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There are many ways to migrate an Azure Database for MySQL - Single Server database to Azure Database for MySQL - Flexible Server. In general, migrations can be categorized as either:
- Online, with minimal downtime
This blog post explains various methods that you can use to perform online and offline migrations of a Single Server instance to Flexible Server.
Online, minimal downtime migrations
You can migrate a Single Server instance to Flexible Server with minimum downtime to your applications by using a combination of open-source tools such as mydumper/myloader together with Data-in replication. For step-by-step detail on setting up Data-in replication between a Single Server instance and a Flexible Server instance, see Tutorial: Migrate Azure Database for MySQL - Single Server to Azure Database for MySQL - Flexible Server with minimal downtime
To perform offline migrations, you can use one of several options, including:
- Azure Data Migration Service
- MySQL Workbench
- MySQL Workbench Export/Import
- MySQL Workbench Migration Wizard
- Dump and restore using the:
- mysqldump utility
- MySQLDumper\MySQLLoader utility
- The shell script available in GitHub
Using Azure Data Migration Service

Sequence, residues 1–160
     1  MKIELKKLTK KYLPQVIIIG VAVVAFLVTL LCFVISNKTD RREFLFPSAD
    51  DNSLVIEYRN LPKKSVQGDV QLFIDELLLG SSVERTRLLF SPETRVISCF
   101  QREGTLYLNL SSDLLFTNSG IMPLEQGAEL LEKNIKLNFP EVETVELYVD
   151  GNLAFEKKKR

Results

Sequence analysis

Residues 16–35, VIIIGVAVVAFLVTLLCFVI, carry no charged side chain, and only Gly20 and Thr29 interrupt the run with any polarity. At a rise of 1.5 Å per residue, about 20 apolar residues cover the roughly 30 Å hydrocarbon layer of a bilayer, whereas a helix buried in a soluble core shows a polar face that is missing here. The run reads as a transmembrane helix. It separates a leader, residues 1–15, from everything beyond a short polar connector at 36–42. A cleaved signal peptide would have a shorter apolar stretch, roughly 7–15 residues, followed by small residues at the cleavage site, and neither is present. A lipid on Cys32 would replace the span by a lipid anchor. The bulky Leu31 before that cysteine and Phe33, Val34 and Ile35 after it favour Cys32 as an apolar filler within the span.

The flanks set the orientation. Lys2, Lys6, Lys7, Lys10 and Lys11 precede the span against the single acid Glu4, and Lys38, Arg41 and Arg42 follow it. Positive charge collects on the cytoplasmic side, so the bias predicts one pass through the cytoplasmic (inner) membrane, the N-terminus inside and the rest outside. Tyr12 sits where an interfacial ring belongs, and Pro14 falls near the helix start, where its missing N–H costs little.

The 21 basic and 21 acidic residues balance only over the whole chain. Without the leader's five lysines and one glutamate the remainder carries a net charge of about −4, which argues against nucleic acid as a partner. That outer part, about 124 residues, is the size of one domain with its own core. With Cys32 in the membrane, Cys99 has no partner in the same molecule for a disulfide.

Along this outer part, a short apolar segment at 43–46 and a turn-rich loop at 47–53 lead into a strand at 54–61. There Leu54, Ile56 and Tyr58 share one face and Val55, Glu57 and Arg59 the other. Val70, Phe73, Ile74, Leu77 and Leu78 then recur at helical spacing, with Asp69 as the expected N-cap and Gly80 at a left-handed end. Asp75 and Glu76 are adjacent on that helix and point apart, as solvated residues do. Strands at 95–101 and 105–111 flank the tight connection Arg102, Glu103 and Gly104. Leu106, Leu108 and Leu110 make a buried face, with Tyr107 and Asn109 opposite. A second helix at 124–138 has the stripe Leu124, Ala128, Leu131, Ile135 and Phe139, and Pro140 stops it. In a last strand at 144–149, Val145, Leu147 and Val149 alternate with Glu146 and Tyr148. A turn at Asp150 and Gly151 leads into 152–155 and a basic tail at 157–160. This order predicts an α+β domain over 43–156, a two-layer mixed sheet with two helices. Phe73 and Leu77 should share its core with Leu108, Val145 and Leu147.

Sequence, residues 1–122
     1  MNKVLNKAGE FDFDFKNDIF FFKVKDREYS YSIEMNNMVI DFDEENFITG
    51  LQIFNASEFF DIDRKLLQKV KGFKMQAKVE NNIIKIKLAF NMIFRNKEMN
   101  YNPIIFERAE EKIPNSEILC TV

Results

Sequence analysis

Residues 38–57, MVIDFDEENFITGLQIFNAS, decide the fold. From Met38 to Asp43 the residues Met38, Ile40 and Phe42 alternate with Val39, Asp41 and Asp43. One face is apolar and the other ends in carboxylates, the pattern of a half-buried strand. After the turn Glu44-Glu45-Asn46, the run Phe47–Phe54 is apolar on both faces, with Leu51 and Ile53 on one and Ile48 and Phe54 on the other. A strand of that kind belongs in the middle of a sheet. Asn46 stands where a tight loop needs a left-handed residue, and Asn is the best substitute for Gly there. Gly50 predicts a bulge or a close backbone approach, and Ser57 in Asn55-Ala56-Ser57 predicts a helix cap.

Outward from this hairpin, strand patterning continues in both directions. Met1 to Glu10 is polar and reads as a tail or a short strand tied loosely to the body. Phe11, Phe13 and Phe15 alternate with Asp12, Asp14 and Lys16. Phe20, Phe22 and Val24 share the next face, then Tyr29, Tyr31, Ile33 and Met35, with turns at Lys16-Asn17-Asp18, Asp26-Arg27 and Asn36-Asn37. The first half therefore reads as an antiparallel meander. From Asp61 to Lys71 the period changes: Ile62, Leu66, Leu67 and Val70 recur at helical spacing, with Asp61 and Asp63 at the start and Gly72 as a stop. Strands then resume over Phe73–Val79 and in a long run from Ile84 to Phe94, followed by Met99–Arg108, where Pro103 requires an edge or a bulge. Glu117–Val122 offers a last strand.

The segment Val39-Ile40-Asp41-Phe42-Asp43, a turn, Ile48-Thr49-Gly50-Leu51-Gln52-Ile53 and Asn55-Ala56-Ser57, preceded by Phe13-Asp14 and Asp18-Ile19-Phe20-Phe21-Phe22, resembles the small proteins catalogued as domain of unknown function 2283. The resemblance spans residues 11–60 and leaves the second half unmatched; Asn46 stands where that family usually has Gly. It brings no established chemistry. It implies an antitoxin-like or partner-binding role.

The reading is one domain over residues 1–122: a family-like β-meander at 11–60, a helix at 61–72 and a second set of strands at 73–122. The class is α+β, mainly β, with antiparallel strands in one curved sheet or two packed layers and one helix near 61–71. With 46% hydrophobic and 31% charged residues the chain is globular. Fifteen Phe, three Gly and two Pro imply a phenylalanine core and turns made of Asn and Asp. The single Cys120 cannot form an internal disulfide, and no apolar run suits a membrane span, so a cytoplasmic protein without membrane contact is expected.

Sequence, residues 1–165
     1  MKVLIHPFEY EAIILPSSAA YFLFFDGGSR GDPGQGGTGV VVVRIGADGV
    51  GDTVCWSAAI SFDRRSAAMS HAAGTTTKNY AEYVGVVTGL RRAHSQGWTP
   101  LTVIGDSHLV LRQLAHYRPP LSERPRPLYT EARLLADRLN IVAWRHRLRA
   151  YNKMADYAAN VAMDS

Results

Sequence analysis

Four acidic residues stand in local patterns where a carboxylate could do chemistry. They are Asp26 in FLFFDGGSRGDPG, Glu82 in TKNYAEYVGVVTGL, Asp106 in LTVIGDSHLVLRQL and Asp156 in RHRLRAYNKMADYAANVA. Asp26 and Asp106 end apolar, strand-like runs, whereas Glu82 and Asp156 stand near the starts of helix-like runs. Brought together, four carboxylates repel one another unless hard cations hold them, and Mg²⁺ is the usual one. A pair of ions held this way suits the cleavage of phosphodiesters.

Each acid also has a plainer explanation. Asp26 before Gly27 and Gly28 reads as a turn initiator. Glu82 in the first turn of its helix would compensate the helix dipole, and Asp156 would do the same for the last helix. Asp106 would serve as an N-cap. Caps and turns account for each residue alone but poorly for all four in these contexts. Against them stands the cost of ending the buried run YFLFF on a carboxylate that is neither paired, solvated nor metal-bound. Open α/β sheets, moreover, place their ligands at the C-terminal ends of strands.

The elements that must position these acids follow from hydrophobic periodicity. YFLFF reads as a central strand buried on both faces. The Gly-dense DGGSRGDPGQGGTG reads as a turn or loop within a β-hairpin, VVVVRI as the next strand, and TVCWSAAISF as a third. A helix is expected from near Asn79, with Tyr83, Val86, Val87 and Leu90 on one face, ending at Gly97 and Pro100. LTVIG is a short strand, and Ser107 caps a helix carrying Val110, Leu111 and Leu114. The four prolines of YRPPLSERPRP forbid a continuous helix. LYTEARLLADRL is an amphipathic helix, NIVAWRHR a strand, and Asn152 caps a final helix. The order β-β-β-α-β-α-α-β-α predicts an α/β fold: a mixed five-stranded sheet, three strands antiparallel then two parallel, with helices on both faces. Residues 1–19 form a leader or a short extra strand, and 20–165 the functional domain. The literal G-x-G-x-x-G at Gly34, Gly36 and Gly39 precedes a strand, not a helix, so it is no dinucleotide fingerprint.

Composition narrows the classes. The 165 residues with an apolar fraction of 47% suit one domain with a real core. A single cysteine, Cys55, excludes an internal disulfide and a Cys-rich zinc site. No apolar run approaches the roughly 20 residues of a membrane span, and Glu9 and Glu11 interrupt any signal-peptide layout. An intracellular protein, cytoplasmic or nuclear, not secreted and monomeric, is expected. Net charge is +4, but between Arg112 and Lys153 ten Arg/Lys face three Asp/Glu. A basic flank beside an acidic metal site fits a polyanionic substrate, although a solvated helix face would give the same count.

You can use Azure Data Migration Service to perform an offline migration. The basic requirements for connecting the source and target databases are mentioned below.
Connecting the source server to Azure Database Migration Service
In your Azure Database for MySQL - Single Server instance, update your firewall rules to ensure that the server can connect to Azure Database Migration Service.
Note: You can also use "Allow access to Azure services" in the firewall rule. To learn more, see Firewall rules - Azure Database for MySQL. In addition, if the VNet is in same region, you can add the VNet and enable the service endpoint.
If the source server is using private link, then you need to ensure that the private link VNet and the VNet hosting Azure Database Migration Service have connectivity. You can use peering for network connectivity or other connectivity methods, such as a VNet-to-VNet Connection, to ensure communication between VNets. For more details, see Azure Virtual Network peering and VNet-to-VNet VPN gateway.
Connecting to the target server
The target server running Azure Database for MySQL -Flexible Server can use either public or private access.
For servers using public access, be sure that the Allow public access from any Azure service within Azure to this server setting is selected.
For servers using private access, ensure that the VNet hosting the instance of Azure Database for MySQL - Flexible Server can communicate with the VNet that is hosting Azure Database Migration Service. Note that VNet peering is supported. You can also use other connectivity methods, such as a VNet-to-VNet Connection, to provide for communication between VNets. For more details, see VNet-to-VNet VPN gateway
Refer to Tutorial Migrate MySQL to Azure Database for MySQL offline using DMS for step-by-step documentation on how to migrate.
Using MySQL Workbench